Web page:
In 2008, the
Los Angeles County Board of Supervisors passed three far-reaching ordinances:
Low-Impact Development (LID), Green Building, and Drought-Tolerant Landscaping.
These ordinances, which take a major step toward protecting water quality and
the green builiding initiative, go into effect January 1, 2009. L.A.’s new green
development ordinances should lead to increased environmental sustainability and
a significant reduction of energy, cleaning our water supply and increasing
existing groundwater supplies. The ordinances apply to nearly all development
but are especially strong for new development and large redevelopment projects.
LID—The goal is
for all new development to mimic the natural onsite hydrologic conditions to the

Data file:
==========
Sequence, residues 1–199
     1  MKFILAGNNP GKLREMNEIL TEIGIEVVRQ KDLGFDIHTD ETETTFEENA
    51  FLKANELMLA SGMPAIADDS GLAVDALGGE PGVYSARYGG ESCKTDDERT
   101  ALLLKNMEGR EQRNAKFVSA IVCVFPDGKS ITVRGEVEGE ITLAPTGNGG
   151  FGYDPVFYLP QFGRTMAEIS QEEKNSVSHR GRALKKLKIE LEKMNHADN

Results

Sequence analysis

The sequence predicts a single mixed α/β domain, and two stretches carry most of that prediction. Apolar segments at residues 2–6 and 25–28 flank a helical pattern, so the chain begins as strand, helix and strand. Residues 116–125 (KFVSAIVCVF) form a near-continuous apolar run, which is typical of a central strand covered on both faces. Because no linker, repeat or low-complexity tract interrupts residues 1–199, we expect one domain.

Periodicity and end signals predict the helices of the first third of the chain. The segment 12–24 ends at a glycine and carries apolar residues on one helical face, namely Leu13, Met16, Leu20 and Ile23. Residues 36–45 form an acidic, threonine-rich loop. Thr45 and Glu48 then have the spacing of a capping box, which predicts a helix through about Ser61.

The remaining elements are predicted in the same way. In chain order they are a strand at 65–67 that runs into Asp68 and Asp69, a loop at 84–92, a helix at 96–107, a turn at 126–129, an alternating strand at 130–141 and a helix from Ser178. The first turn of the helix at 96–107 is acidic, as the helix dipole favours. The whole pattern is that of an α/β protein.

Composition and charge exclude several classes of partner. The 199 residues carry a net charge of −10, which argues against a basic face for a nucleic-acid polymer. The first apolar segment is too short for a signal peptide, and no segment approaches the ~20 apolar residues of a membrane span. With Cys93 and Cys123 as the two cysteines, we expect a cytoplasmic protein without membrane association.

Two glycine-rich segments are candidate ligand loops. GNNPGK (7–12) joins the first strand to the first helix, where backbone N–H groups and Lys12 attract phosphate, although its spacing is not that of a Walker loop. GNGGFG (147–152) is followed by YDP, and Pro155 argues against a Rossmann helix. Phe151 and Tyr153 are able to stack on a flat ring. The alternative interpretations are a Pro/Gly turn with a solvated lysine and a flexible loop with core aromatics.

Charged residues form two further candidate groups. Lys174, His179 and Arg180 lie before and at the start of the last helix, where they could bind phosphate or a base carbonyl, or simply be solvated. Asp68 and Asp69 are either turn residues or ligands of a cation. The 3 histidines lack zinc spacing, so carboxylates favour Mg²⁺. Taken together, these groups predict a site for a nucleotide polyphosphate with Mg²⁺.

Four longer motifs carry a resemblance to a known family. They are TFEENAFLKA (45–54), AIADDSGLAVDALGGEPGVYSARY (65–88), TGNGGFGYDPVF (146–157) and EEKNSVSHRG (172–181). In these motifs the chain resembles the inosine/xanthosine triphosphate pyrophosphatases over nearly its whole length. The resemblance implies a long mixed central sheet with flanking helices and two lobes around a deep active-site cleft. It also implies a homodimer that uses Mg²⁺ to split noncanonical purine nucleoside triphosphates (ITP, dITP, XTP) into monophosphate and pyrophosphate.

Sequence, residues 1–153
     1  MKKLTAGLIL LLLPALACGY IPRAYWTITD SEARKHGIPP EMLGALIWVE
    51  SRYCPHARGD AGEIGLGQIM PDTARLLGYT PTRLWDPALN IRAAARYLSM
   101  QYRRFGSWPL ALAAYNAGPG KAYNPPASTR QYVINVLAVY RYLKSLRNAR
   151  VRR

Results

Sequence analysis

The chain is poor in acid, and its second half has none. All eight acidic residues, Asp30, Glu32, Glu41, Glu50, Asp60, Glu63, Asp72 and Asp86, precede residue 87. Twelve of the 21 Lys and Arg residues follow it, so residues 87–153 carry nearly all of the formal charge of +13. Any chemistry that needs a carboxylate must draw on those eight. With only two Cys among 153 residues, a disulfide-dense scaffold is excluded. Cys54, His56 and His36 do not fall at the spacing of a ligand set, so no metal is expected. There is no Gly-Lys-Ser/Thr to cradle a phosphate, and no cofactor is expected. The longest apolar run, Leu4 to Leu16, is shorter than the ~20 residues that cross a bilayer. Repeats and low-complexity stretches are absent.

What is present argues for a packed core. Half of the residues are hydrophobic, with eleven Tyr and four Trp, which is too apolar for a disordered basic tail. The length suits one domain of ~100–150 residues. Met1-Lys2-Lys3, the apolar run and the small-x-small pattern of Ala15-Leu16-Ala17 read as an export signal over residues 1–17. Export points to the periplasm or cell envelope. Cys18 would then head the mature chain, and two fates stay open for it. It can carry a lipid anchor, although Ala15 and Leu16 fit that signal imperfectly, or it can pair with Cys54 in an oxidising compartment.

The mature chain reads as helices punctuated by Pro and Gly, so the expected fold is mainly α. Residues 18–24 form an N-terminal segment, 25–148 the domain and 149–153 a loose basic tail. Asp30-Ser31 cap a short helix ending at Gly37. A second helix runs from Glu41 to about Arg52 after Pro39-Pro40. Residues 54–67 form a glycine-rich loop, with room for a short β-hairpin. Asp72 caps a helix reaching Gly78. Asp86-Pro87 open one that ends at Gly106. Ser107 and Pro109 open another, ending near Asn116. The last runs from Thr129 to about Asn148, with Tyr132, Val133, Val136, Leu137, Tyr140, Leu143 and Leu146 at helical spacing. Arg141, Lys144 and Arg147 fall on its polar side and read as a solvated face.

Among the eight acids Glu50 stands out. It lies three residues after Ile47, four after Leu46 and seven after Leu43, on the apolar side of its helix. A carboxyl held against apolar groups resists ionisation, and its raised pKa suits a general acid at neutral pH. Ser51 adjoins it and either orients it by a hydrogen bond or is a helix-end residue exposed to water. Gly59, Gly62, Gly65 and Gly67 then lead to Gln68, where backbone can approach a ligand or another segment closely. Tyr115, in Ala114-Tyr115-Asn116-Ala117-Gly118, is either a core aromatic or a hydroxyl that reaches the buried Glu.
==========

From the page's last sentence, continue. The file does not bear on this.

maximum extent possible of the property before development. The difference in
runoff volumes pre- and post-development must be infiltrated onsite or treated.
The low-impact development standards are the most far-reaching adopted by any
local jurisdiction in the state.
Building—All new buildings have to meet the county’s green building standards,
which are designed to greatly reduce energy and water use. For example, all new
developments have to use 15% less energy than required in state standards, use
smart controllers for irrigation, and install ultra-low flush toilets.
all new development, 75% of the landscaped area must be planted with plants from
the county’s drought-tolerant list.
This trio of
ordinances is the most far-reaching package of its kind in the state of
California and maybe even the country. Stormwater management is a fast-changing
discipline, and StormCon is the
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stormwater program management innovations, BMPs, performance case studies,
research, technology, and rules and regulations.